11:47am - "Major Tom" will be our host for the evening. Major Tom belongs to a marathon auxiliary group called the "Martian Liberation Organization", and as such always comes to the event dressed in red camouflage.
11:59am - Stand if you were at the Orson Welles. I wish the Orson Welles were still around. The location is so close to my apartment that I'd be able to use my own bathroom.
12:01pm - Everyone downs their Atomic Fireballs as "Duck Dodgers, in the Twenty-Fifth-and-a-Half CENTURY" starts.
12:07pm - ::sigh:: The first projection issue happens during the opening titles for Sky Captain and the World of Tomorrow.
12:16pm - Audience shushes Gwynneth Paltrow. Folks either love her (me) or hate her in this role.
12:47pm - We helpfully call for Dex with Joe and Polly.
1:02pm - At this moment, the color scheme changes from grainy almost-B&W to technicolor. Strange, I'd thought it was more subtle when I saw it in September.
1:06pm - Kind of early for the people behind me to be snoring.
1:20pm - That Scene still gets applause. If you like nothing else about this movie, you've got to love the ejection seat.
1:33pm - Wow, how did I forget the creepy statue?
1:53pm - End of closing credits. My hands are already a bit sore from the tradition of applauding each name individually (well, each name before they start scrolling). I do love the Sky Captain credits, though, acknowledging that Bazooka supplied their chewing gum.
1:55pm - Music: "We've Only Just Begun."
1:57pm - Yeah, we get it, an undubbed Raymond Burr-free version of Godzilla played SF/8, so the restoration that toured last year wasn't really the first time it's played America. You guys have only mentioned that fifty thousand times. Oh, what's this? The one we're about to see includes footage that wasn't at SF/8? So LET IT GO.
2:01pm - Gojira!. The audience applauds credits we can't read.
2:05pm - The goobers in front of me decide NOW would be a good time to change their seating arrangements.
2:15pm - You know, by the end of this marathon, I'm going to envy those Japanese folks who only have tatamis to sleep on.
2:24pm - The big guy's first appearance.
2:30pm - You sense they really want to get the science right. Also, FORESHADOWING: "What would happen if it attacked Tokyo?"
2:45pm - Dr. Serizawa has an eyepatch, so some folks in the audience yell out "Arrrr!" That's funny once.
2:52pm - Greatest. Movie. Theme. Ever.
2:58pm - The wax electric towers melted by Godzilla's radioactive breath are one of my favorite bits of practical effects in any movie.
3:10pm - You have to wonder how the War in the Pacific lasted so long if so many Japanese missiles couldn't hit a Godzilla-sized target.
3:37pm - Move fast - bathroom break time.
3:44pm - Hardware Wars! (No place for an actual review, but this is one of the few times in recent memory I've really been amused by a Mad Magazine-style "change-one-letter-of-the-names-and-basically-retell-the-story" parody. "Wookiee Monster" is just funny.)
3:57pm - Hmm, we're starting to fall behind already. Maybe they'll skip Primer?
4:02pm - No such luck.
4:08pm - First call of "ENGLISH!" from the audience.
4:27pm - By now, technobabble is just making people laugh.
4:33pm - People applaud at a fade-out. No such luck.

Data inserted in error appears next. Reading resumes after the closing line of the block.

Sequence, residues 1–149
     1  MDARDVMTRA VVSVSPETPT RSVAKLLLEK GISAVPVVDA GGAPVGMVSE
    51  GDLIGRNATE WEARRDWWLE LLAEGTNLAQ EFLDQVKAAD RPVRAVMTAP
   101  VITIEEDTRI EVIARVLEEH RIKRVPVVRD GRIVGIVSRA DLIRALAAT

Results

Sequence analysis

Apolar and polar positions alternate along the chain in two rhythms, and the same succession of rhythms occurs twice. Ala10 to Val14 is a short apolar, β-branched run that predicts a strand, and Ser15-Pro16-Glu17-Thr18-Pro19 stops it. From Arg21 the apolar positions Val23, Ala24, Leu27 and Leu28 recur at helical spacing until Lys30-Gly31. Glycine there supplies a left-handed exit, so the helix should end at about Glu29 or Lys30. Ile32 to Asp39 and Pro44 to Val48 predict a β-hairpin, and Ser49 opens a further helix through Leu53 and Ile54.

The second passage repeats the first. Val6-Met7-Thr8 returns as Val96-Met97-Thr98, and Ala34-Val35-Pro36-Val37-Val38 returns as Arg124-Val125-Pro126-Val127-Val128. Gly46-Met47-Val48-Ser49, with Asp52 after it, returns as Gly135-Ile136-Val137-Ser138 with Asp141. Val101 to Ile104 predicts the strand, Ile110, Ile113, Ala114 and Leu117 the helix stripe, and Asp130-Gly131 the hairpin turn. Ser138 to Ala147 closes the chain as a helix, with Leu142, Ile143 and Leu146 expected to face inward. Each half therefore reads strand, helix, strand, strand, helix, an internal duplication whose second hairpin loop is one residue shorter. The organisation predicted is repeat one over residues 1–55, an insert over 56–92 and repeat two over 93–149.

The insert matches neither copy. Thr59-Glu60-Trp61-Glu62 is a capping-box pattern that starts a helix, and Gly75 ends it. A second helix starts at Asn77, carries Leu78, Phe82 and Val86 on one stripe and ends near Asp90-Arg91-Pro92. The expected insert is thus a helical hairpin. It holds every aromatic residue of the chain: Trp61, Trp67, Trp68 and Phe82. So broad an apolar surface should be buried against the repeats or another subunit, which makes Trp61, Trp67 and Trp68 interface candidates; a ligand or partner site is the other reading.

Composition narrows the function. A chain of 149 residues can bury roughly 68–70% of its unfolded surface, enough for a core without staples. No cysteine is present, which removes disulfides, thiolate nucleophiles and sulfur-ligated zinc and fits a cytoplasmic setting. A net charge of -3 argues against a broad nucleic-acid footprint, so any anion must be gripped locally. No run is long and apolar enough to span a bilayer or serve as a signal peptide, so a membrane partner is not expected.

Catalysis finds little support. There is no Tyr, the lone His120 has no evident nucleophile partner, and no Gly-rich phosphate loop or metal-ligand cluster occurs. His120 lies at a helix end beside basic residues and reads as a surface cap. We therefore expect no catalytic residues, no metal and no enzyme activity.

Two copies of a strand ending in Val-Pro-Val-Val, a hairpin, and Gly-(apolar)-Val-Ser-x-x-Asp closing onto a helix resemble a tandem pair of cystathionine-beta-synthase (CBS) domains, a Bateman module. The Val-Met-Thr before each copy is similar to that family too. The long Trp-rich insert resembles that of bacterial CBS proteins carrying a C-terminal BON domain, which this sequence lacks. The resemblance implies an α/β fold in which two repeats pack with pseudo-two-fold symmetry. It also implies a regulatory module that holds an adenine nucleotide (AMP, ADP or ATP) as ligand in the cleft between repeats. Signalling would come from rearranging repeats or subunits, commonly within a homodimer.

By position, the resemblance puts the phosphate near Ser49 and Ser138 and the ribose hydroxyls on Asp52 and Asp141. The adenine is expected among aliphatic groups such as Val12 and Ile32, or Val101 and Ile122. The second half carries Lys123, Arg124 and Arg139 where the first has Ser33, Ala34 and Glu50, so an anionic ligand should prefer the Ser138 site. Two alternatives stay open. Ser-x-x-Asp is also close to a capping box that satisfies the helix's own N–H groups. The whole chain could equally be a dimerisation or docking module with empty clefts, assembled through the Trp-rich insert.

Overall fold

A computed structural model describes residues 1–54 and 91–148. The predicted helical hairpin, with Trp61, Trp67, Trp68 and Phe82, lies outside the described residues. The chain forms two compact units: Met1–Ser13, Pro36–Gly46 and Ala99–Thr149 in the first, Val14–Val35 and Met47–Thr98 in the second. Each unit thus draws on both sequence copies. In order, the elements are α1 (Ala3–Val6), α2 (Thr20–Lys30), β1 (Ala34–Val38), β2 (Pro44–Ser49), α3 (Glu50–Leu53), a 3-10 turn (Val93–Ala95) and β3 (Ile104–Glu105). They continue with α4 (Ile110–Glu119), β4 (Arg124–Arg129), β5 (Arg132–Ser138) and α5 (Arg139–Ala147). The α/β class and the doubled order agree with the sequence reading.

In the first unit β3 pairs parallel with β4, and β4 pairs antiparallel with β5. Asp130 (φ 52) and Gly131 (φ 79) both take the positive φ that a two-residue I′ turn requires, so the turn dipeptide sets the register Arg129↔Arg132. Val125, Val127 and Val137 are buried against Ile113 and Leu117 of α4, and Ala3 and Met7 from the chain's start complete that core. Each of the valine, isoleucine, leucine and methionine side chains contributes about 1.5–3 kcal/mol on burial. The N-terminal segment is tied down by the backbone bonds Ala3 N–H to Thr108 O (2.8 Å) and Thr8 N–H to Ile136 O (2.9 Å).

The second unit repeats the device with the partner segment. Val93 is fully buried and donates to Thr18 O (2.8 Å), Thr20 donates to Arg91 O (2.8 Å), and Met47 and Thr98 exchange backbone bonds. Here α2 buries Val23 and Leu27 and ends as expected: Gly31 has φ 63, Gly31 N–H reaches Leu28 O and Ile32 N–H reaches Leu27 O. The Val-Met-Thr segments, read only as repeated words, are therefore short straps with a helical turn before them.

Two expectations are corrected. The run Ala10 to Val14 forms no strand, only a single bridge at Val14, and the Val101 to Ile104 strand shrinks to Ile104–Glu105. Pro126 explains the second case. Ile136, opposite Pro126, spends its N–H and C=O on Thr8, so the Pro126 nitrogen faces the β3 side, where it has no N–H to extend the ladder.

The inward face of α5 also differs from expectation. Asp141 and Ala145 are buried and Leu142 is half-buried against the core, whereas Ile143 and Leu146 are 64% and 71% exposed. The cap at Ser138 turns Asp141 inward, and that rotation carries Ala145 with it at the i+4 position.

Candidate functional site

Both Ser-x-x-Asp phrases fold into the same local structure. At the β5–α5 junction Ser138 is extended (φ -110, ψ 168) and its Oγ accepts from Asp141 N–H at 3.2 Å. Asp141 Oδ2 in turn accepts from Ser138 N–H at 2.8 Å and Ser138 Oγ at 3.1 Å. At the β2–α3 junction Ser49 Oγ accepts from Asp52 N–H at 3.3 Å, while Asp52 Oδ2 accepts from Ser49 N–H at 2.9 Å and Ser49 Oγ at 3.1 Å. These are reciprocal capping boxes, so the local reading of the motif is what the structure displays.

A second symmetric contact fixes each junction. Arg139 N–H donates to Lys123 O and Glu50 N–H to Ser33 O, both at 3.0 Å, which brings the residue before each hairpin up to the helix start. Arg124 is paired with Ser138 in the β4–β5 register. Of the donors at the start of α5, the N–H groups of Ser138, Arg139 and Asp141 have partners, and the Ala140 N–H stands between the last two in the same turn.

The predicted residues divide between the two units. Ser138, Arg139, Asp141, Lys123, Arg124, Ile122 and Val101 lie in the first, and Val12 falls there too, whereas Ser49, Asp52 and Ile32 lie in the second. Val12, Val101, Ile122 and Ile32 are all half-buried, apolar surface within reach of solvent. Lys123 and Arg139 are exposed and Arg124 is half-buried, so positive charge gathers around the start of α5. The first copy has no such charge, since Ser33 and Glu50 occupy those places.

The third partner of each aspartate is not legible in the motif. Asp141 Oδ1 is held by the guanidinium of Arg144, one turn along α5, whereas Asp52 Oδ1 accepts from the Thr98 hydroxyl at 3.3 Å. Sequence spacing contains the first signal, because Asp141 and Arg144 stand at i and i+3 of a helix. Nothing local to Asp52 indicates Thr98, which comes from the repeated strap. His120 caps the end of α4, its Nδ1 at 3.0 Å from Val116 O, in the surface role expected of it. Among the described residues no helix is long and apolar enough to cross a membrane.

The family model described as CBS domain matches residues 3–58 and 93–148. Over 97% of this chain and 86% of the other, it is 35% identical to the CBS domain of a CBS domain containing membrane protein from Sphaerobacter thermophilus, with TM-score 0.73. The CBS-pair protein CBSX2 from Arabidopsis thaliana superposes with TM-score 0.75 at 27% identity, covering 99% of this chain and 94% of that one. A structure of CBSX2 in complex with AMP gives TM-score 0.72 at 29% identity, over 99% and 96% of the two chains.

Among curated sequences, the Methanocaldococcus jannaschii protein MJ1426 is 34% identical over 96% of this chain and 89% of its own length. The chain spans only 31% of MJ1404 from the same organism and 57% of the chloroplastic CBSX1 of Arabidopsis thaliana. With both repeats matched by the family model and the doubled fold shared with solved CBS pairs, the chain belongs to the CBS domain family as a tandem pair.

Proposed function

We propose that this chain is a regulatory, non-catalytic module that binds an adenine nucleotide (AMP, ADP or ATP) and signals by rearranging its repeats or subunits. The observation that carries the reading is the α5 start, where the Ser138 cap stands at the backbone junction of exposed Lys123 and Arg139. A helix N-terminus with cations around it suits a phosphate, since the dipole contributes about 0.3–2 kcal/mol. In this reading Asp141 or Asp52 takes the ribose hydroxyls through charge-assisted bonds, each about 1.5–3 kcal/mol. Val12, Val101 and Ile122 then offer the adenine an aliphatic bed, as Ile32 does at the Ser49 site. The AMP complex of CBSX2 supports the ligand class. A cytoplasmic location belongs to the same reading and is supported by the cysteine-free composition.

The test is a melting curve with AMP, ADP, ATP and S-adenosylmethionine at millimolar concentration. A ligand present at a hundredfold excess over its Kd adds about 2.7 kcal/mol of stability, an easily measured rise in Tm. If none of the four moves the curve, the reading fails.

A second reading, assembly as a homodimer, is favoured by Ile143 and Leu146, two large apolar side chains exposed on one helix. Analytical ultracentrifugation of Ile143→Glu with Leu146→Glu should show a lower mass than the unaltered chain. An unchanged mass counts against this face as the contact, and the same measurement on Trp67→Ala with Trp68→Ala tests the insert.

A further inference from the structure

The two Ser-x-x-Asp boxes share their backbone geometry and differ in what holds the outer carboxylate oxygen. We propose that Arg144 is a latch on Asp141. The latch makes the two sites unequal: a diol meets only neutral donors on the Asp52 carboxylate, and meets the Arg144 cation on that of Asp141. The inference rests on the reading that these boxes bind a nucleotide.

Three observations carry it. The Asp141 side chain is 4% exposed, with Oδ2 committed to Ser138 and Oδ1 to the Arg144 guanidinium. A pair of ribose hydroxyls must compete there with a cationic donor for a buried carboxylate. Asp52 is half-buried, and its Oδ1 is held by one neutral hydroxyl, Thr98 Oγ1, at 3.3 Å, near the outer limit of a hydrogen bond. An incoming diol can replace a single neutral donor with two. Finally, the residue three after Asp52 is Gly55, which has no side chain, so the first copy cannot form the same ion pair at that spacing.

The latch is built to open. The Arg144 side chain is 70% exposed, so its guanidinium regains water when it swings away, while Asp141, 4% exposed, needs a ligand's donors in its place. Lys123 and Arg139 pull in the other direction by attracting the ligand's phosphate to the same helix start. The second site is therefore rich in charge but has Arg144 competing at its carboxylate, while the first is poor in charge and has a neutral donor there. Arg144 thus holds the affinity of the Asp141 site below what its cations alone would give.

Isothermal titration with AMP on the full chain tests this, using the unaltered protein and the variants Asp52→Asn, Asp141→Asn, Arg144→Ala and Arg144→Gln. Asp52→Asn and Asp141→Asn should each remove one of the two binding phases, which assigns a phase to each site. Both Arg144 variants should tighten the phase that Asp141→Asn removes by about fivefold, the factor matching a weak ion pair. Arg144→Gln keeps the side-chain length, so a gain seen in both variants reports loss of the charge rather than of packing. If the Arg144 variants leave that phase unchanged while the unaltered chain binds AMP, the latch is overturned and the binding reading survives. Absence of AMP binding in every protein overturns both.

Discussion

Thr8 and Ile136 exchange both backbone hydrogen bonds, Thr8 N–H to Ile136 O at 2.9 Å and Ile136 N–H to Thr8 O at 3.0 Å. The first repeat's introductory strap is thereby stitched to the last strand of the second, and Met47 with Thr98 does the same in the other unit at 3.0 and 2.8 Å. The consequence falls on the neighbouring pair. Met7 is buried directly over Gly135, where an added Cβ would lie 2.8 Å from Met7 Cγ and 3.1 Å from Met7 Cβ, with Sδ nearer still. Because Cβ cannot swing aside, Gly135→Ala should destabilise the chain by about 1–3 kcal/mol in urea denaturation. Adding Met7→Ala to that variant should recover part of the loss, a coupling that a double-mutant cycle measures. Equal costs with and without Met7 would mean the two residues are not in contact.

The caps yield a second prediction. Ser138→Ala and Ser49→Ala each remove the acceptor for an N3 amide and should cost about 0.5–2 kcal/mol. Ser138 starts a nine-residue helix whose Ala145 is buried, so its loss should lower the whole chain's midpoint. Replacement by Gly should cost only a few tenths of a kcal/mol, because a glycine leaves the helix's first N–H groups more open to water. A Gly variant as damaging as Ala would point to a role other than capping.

4:39pm - Classic line: "I can imagine no way this can be considered anything close to safe."
5:00pm - It's at this point that the movie completely stops making sense.
5:18pm - Audience applauds. To be honest, I thought this would be as big a disaster as Demonlover was last year.
5:28pm - Turned in my survey; time for Superman.
5:30pm - I really hate people who yell "Focus!" or "Volume!" right at the beginning of a movie. Like the projectionist doesn't know, especially at an event like this where they're probably sticking around the booth more.
5:41pm - First time Superman's "S" was shown as coming from Krypton.
5:51pm - If Kryptonians have an afterlife, Jor-El must be the most insufferable bastard there.
6:07pm - Ooh, when you get something bright like that, you can trace the path of the projection, especially up here in the balcony. In related news, I may be getting funny from not eating anything since that Atomic Fireball.
6:19pm - So much for my bid to stay awake during the whole thon. I must have drifted during one of the Fortress sequences.
6:57pm - This is a classic movie, but it's also one that demonstrates the difference between "classic", "perfect", and "untouchable". The fealty I keep hearing about Bryan Singer paying to this movie worries me. Make your own version.
7:05pm - See? Great movie, but that "can you read my mind" bit really needs to go.
7:25pm - Wow, it smells like someone popped all of Iowa in here.
7:34pm - Honestly, you'd think Lex Luthor could do better, henchperson-wise. He is, after all, Lex friggin' Luthor.
7:48pm - This part has never made sense.
7:53pm - I'm not usually one to bail on credits, but there's cold pizza to buy and eat. I get back before the credits are over, though, after some kid got the last two slices of pepperoni.
8:01pm - Playing Star Wars music right after Superman just sort of emphasizes how much and for how long John Williams's scores have sounded the same.
8:04pm - Trivia contest winners announced. I think this would have been harder if the ballots hadn't been handed out before last night's movie, giving everyone who went a chance to hit Google.
8:12pm - "The Chubbchubbs!" Eh.
8:18pm - At last, a movie I haven't seen (THX 1138)!
8:23pm - Don't hiss at George Lucas's name. I mean, really, the only reason you're doing that is because he gave you Star Wars in the first place.
8:51pm - Ah, THX has creepy roommate issues. I feel that. It's part of why I'm so happy to spend the whole weekend here: No going home.
8:55pm - Man, when the guys behind me don't sleep (and snore), they talk.